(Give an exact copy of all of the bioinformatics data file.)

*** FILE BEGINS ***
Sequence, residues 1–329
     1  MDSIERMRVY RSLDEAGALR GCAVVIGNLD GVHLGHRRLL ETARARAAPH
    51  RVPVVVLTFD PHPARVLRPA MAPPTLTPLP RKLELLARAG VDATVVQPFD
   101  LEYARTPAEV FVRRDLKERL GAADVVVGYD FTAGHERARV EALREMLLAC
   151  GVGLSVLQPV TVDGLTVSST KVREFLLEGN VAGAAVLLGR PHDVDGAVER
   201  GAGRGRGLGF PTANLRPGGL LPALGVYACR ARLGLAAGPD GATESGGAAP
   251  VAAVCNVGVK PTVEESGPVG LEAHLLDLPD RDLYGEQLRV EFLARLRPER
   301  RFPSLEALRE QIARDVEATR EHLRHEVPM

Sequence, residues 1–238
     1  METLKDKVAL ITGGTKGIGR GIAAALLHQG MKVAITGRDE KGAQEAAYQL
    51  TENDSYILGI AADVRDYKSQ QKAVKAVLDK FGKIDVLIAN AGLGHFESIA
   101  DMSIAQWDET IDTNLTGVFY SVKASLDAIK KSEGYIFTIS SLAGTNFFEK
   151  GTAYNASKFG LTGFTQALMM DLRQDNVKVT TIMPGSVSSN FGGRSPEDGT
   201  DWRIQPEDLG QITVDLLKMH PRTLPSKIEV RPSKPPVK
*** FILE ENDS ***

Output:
Sequence, residues 1–329
     1  MDSIERMRVY RSLDEAGALR GCAVVIGNLD GVHLGHRRLL ETARARAAPH
    51  RVPVVVLTFD PHPARVLRPA MAPPTLTPLP RKLELLARAG VDATVVQPFD
   101  LEYARTPAEV FVRRDLKERL GAADVVVGYD FTAGHERARV EALREMLLAC
   151  GVGLSVLQPV TVDGLTVSST KVREFLLEGN VAGAAVLLGR PHDVDGAVER
   201  GAGRGRGLGF PTANLRPGGL LPALGVYACR ARLGLAAGPD GATESGGAAP
   251  VAAVCNVGVK PTVEESGPVG LEAHLLDLPD RDLYGEQLRV EFLARLRPER
   301  RFPSLEALRE QIARDVEATR EHLRHEVPM

Sequence, residues 1–238
     1  METLKDKVAL ITGGTKGIGR GIAAALLHQG MKVAITGRDE KGAQEAAYQL
    51  TENDSYILGI AADVRDYKSQ QKAVKAVLDK FGKIDVLIAN AGLGHFESIA
   101  DMSIAQWDET IDTNLTGVFY SVKASLDAIK KSEGYIFTIS SLAGTNFFEK
   151  GTAYNASKFG LTGFTQALMM DLRQDNVKVT TIMPGSVSSN FGGRSPEDGT
   201  DWRIQPEDLG QITVDLLKMH PRTLPSKIEV RPSKPPVK